7 ways to give veterinary dental recommendations - Veterinary Economics
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7 ways to give veterinary dental recommendations
Feeling tongue-tied when veterinary clients refuse dental treatment for their pets? Here's a mouthful of ideas on how to emphasize the importance of complete oral care.


VETERINARY ECONOMICS


1 DON'T COMPARE APPLES TO ORANGES

To a veterinarian it's obvious that a scaling under sedation is in no way comparable to a complete oral exam with radiographs performed under general anesthesia. However, a client may not appreciate the difference. When your technician presents an estimate for $600—including a preanesthetic blood panel, intravenous fluids, general anesthesia, supragingival and subgingival scaling and polishing, periodontal probing, and dental radiographs—many clients look at just the bottom line. We need to help clients understand that they're looking at apples, not oranges. Here are some ideas on how to do that:

Don't sugarcoat the facts. "Dentistry is the most variable procedure you can get at any clinic," says Dr. Ian Giebelhaus, co-owner of Rimbey Veterinary Clinic in Rimbey, Alberta, Canada. "With neutering, you can take 10 male cats into 10 different clinics with different surgeons, pre-op exams, and premeds, but at the end of the day all 10 cats will have two fewer testicles. Dentals aren't like that—procedures vary widely; therefore, so does the cost."

When helping veterinary clients understand the difference in levels of care, Dr. Giebelhaus uses an analogy: "I have two red 1968 Mustangs for sale at my house," he tells them. "One costs $3,000 and the other costs $15,000. Do you think they're the same?"

Divulge dirty details. One of the most important things clients must understand is that a surface cleaning doesn't detect or address potential hidden pathology—in fact, it does patients a disservice. Dr. Fraser Hale, FAVD, DAVDC, owner of Hale Veterinary Clinic in Guelph, Ontario, Canada, uses this comparison with clients: "A bridge that collapses after standing solidly for decades didn't rot overnight," he says. "It underwent gradual and hidden decay over many years, which eventually reached a critical threshold. Then the problem became obvious."

Define the difference. Dr. Dale Kressin, FAVD, DAVDC, owner of Animal Dentistry and Oral Surgery Specialists in Oshkosh, Wis., explains the difference in terms of the pet's well-being. He compares a simple teeth scaling to grooming, which makes the pet look better, as opposed to a comprehensive oral treatment, which makes the pet feel better.

Picture this. Dr. Janice Niedermeier, owner of Healthy Companions Veterinary Clinic in Janesville, Wis., takes the show-and-tell approach. She keeps a photo of a tooth and its corresponding radiograph in her exam room. The photo shows what appears to be a relatively healthy tooth, but the radiograph shows severe bone lysis and resorptive changes—obvious even to pet owners. After showing the photos and radiographs to clients, she says, "I'd be disappointed in myself if I charged you to care for Muffy's mouth and teeth and missed something as damaging and painful as this."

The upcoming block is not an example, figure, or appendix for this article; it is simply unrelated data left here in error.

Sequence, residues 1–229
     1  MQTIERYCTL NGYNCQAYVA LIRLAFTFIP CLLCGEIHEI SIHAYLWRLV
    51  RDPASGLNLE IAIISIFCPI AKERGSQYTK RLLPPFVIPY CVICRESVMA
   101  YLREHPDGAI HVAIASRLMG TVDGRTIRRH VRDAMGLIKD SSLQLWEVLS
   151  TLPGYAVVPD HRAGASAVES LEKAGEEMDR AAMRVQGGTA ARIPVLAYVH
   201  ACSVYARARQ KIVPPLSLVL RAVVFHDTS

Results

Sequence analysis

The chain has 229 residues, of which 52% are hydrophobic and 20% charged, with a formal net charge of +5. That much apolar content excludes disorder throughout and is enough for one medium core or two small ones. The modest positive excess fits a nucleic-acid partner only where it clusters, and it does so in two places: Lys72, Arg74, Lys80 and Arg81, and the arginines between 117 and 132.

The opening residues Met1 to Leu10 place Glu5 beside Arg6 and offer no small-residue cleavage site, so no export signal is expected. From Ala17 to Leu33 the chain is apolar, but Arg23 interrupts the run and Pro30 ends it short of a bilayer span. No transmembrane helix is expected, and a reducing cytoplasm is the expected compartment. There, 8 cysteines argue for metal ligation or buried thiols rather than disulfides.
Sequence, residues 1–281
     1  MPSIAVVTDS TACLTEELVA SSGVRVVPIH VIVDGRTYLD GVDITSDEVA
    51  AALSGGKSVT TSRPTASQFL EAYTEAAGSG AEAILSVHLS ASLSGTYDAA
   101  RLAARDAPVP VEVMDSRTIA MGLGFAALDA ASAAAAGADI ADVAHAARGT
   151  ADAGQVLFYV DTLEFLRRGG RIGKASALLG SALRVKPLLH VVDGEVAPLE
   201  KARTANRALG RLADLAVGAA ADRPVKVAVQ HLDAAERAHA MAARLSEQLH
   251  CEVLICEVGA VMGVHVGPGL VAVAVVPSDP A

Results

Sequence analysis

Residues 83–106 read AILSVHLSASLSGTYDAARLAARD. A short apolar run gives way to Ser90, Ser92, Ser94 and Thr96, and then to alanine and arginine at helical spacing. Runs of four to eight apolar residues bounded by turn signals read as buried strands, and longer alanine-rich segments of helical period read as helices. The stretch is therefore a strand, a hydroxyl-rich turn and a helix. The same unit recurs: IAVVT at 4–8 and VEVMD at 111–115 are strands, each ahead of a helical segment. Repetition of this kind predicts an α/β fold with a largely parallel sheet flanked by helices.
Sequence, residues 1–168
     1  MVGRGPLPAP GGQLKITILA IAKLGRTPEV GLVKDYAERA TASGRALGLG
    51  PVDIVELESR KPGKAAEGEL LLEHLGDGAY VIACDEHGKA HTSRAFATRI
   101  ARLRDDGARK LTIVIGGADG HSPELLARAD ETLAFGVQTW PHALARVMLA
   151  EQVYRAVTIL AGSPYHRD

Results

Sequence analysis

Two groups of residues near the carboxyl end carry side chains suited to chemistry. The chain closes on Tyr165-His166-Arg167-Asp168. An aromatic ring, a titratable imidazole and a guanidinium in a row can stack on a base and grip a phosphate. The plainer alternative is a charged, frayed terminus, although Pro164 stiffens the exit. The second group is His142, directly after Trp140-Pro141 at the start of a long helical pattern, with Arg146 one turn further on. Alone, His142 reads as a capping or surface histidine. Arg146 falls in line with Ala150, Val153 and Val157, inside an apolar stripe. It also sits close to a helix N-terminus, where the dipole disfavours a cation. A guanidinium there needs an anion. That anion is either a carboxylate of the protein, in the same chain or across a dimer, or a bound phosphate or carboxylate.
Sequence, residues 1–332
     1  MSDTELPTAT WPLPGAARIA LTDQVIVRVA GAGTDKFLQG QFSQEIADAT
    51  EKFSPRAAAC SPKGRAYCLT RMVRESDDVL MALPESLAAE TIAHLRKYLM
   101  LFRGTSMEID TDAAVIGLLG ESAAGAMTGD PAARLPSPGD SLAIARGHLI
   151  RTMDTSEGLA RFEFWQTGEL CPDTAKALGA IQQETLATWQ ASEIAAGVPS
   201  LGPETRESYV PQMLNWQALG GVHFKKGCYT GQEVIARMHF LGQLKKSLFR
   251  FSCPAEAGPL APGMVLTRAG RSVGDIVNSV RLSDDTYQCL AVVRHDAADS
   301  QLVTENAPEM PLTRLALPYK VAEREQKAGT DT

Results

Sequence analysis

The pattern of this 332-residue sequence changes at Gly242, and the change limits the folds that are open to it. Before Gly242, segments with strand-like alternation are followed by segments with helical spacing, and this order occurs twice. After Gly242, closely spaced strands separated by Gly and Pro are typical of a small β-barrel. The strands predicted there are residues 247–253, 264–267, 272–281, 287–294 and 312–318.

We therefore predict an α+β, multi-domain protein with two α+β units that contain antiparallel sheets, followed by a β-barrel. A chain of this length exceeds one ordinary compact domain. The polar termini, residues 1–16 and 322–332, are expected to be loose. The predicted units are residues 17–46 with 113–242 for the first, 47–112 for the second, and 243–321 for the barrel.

2 EDUCATE, EDUCATE, EDUCATE

Even dental specialists are susceptible to client pushback against recommendations. "At my hospital we often end up finding even more severe problems than what the referring veterinarian noted," Dr. Kressin says. "So we must continually educate the owners on the value of our services." His guiding principle? Value = perception price. So if the price is high, then perception of value must also be high. "I educate clients to elevate their perception of the need for the services and to explain the procedures," Dr. Kressin says. "The more I educate, the higher the value rises for the client."

Veterinary client education can be facilitated by the use of anatomic models, photos, and written handouts. Dr. Lisa Bennett, owner of Beaver Lake Animal Hospital in Issaquah, Wash., relies on handouts to explain the differences between dental prophylaxis and dental treatment, to outline her anesthetic protocols, and to detail the procedures that will be performed, from preanesthetic blood testing to local nerve blocks. Turn to page 20 for a dental client handout you can use at your practice.

Dr. Bennett also likes to use an automotive analogy with clients: "If you take good care of your car with regular oil and filter changes, the cost is minimal compared to having to rebuild the engine or transmission."

This means it's best to start educating clients early—while the pet is still a puppy or kitten—about preventive dental home care and the likely need for dentistry when the pet gets older.


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Source: VETERINARY ECONOMICS,
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